Rebuilding Wealth Lost During Great Recession
By Charlene Crowell
February, Black History Month, is usually a time when communities and organizations honor the achievements of our forefathers. But this year, the Center for Responsible Lending (CRL) and key allies chose February to convene a symposium that addressed communities of color and consumer financial services. Co-convening organizations with CRL were the Joint Center for Political and Economic Studies and the National Consumers League.
Held February 6 at the Washington-D.C. offices of the Joint Center, the day-long event brought together policymakers, lawmakers, civil rights leaders and consumer advocates to address predatory lending practices in mortgages, auto finance and more. Participants included U.S. Senator Elizabeth Warren (D-Mass.), U.S. Representative Keith Ellison (D-Minn.), Edith Ramirez, Chairwoman of the Federal Trade Commission, and FTC Commissioner Mignon Clyburn.
“The wealth losses caused by the Great Recession will likely persist for years if not decades for many families,” observed Julia Gordon, a symposium presenter and Director of Housing Finance and Policy for the Center for American Progress.
“For consumers of color, the road to recovery will be even steeper and harder due to a range of bad practices that targeted these consumers and continued discrimination in the lending context,” continued Gordon. “To enable families and communities of color to rebuild wealth, it’s essential to offer equitable access to safe and sustainable credit, while also remaining vigilant against any form of predatory lending.”
Another symposium speaker, Dedrick Muhammad, Senior Director of the NAACP Economic Department, recently wrote about the civil rights organization’s concerns about wealth inequality in its January newsletter.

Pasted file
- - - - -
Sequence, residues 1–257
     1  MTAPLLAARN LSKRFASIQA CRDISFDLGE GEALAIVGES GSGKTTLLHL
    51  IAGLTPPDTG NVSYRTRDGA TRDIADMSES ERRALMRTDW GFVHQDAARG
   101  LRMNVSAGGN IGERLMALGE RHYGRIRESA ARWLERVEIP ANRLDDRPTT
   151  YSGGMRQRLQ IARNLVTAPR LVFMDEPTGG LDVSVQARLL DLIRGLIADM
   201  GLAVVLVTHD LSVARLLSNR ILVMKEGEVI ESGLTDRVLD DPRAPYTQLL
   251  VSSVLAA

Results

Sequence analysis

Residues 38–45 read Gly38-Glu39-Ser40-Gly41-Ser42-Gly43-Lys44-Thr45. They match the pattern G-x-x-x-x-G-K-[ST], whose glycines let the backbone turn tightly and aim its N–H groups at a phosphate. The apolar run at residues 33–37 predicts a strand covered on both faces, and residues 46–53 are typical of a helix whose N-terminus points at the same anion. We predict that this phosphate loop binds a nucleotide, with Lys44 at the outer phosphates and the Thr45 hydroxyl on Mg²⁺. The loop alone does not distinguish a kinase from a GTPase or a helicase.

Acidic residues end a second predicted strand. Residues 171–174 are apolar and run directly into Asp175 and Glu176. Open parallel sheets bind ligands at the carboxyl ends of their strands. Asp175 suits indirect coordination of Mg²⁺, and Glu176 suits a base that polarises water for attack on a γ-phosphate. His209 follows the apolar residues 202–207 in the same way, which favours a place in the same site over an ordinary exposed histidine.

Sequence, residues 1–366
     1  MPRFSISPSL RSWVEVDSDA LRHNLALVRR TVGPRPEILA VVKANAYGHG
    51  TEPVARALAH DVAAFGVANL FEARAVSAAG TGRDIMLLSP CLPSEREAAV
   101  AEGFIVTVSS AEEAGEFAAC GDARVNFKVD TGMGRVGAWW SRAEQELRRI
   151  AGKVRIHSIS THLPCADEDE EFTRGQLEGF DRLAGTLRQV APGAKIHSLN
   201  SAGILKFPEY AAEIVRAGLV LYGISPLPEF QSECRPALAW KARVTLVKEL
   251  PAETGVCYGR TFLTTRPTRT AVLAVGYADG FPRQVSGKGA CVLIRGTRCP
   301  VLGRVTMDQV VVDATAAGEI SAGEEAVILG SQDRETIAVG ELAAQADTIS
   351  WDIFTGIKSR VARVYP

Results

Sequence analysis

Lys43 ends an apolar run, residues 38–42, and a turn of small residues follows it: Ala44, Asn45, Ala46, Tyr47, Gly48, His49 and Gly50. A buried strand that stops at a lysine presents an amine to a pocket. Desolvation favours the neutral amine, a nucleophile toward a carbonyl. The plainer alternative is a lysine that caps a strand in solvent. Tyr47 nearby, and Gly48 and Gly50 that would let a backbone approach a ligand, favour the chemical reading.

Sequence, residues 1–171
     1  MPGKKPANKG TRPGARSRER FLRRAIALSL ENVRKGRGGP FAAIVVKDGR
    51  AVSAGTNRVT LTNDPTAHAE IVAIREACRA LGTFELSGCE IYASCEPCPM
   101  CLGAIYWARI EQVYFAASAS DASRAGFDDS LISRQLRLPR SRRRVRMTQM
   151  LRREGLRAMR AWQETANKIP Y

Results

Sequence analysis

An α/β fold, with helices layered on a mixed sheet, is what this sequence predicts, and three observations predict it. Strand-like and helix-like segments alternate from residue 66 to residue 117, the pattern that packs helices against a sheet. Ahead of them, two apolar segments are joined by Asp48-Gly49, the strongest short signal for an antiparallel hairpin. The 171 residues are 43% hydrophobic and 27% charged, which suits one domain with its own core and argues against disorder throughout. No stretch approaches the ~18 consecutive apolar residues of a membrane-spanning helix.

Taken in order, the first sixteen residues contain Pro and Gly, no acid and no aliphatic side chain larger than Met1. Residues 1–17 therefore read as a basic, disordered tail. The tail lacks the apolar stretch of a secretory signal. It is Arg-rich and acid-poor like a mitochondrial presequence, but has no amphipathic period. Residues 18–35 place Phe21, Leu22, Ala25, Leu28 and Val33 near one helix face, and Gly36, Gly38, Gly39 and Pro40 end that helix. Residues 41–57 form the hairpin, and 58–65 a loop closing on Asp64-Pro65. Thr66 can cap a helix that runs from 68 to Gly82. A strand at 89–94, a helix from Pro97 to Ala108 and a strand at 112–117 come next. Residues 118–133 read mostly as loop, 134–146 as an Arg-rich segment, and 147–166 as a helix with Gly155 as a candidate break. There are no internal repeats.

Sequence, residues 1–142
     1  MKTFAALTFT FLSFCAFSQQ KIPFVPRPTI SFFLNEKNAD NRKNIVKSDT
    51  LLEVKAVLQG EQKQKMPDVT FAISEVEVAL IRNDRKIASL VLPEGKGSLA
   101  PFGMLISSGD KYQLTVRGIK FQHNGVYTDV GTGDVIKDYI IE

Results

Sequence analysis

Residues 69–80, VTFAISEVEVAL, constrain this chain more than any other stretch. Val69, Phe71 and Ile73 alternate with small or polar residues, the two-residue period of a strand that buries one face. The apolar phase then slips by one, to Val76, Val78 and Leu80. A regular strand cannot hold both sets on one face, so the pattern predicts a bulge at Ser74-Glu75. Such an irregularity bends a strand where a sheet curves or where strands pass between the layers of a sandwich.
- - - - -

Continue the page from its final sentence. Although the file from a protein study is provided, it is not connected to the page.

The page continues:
“Closing this wealth and income gap is as much a practical issue as it is a moral one: the U.S. economy can’t thrive when it lacks a solid middle class”, wrote Muhammad in the January 2014 edition of The Angle, the NAACP newsletter. “Americans have begun engaging in economic justice fights at both state and local levels, some which successfully lead to 13 states raising their minimum wage this year.”
Independent research by CRL determined that the typical household has just $100 left each month after paying for basic expenses and debt payments. After controlling for inflation, the typical household had less annual income at the end of 2010 than it did at the beginning of 2000. Moreover, as worker productivity increased, the workplace has seldom rewarded them with higher pay.
More recently, new research from the Standard Center on Poverty and Inequality similarly found that between 1982 and 2006, the average real income for Black households rose by only 28 percent, while the same measure for White households grew 42 percent. Additional findings revealed that:
The Great Recession hit Black households more severely because a higher share of assets were invested in their homes; and The nation’s middle class of all races lost more net worth from the decline in home prices than the top 20 percent of income earners lost from the stock market plunge.
The mortgage panel discussion included the National Council of La Raza, the National Urban League, National Community Reinvestment Coalition and the Center for American Progress. A second panel, dedicated to auto finances abuses, added voices from the League of United Latin American Citizens and a discussion of a new CRL report that found consumers of color still report paying higher interest rates on dealer-financed car loans than other consumers.
“Considering growing racial disparities in employment, homeownership and wealth, CRL and its partners strongly believed the event was necessary to draw attention to the disturbing economic trends that are causing harm in communities”, said Ken Edwards, CRL’s Vice President for Federal Affairs. “We convened the symposium; now we must utilize that insightful dialogue to push for progressive changes going forward.”
Charlene Crowell is a communications manager with the Center for Responsible Lending. She can be reached atCharlene.crowell@